This means your out of pocket is $55,000 with a profit back of roughly $38,000. Meaning your cash on cash return is ALMOST 70%

    And if you kept the house and rent it at market rents of $1300 per month, you could then refinance it to cash out what you put in and your rough mortgage payment would be in the neighborhood of $950 PITI and you would have a cash flowing property and all of your money back.

    Over time, your mortgage gets paid by someone else and you have set up future cash flow as a hedge against inflation for your security when you decide to stop working.

    If you are setting up future monthly income, how many of these do you need to buy to completely cover your household expenses in the future?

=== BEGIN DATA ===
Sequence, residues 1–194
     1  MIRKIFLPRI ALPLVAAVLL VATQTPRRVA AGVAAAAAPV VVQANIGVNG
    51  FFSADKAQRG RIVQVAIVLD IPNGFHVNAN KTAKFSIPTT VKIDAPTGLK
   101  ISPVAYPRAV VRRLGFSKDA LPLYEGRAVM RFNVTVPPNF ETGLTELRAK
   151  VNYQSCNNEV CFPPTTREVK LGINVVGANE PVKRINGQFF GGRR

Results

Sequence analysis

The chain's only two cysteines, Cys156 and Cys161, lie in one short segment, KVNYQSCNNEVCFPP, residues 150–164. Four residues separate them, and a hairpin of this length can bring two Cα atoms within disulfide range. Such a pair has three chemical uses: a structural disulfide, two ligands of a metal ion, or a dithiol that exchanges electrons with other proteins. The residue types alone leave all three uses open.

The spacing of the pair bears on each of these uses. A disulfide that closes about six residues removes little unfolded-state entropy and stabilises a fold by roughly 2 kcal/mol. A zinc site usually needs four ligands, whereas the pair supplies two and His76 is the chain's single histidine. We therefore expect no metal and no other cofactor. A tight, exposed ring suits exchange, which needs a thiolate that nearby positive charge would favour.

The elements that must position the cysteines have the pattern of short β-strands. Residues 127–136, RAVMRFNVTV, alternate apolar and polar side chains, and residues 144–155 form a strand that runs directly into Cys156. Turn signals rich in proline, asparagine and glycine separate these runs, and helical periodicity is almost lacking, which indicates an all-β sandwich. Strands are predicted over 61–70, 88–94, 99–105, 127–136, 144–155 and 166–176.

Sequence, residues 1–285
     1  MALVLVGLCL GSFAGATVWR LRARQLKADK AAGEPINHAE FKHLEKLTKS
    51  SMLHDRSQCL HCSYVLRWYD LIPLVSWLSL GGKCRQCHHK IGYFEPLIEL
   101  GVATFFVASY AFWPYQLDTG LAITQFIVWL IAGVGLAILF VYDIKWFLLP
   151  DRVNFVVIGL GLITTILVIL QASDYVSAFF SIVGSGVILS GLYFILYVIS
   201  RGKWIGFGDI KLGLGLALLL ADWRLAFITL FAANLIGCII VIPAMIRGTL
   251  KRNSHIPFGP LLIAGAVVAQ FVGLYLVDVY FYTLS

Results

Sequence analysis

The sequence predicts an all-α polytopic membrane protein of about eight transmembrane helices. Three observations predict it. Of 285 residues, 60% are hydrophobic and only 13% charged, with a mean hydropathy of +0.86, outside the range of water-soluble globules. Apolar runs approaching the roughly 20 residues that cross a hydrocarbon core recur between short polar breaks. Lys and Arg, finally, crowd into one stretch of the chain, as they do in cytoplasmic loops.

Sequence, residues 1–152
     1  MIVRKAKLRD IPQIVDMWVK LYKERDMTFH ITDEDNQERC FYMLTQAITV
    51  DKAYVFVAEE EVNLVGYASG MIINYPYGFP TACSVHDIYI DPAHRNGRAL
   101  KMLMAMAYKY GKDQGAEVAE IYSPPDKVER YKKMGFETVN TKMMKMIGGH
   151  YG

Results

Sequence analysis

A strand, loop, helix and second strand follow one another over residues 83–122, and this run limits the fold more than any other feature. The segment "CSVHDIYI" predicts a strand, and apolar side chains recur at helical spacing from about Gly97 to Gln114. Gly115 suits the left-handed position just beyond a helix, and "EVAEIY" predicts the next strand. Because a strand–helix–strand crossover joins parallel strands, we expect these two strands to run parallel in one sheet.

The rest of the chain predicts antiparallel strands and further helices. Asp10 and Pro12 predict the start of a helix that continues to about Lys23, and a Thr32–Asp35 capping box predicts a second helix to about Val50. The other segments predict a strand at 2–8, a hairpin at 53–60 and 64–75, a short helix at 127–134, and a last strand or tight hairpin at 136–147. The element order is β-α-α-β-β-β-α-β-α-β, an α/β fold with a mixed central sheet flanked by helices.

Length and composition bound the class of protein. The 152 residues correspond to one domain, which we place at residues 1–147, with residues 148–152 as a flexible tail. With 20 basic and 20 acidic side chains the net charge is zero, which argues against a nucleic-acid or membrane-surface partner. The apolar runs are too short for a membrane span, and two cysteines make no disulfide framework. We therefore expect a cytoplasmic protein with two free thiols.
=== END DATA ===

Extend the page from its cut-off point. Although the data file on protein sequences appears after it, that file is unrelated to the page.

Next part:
In my opinion, only real estate offers the opportunity to combine leverage and forced equity into returns like this for gains that you can then use to put back into more real estate and set yourself up for future security. 

    Remember: (ARV x 80%) – (MP) – R – H = MAX OFFER

    Please do not hesitate to call me or text me anytime to set up a private consultation!


    To your success!



    In this newsletter and related information, I may reference personal investment results and cashflow numbers. Please understand my results are not typical. I’m not implying you’ll duplicate any of my results (or do anything for that matter.) The average person who reads and studies “how to” information gets little to no results. I’m using any reference for informational purposes only. Your results will vary and depend on many factors, including but not limited to: your background, your experience and your work ethic. All investment entails risk, as well as massive and consistent effort and action. You can lose money investing in real estate.